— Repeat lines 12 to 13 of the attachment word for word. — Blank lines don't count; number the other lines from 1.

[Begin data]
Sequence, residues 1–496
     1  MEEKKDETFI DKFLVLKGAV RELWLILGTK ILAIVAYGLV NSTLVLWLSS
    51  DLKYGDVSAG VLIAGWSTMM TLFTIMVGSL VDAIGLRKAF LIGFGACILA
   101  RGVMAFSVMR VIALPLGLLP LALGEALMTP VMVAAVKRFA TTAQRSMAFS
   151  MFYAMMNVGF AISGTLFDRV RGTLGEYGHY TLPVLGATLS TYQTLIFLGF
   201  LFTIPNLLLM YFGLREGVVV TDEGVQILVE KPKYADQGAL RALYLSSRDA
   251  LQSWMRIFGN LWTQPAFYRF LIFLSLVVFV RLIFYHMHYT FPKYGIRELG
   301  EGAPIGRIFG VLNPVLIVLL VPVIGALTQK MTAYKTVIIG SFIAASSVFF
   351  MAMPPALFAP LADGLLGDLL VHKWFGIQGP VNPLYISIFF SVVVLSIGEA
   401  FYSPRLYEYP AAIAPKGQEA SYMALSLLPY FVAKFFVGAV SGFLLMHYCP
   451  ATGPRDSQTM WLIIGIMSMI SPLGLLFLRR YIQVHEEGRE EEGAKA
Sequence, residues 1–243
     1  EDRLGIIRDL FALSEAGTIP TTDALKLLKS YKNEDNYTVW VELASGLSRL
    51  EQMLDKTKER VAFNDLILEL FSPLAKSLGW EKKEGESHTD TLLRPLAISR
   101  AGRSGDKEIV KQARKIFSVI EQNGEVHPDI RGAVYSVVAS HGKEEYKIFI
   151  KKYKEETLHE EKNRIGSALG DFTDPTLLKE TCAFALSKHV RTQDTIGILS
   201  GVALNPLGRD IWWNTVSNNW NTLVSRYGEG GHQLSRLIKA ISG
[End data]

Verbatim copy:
Sequence, residues 1–243
     1  EDRLGIIRDL FALSEAGTIP TTDALKLLKS YKNEDNYTVW VELASGLSRL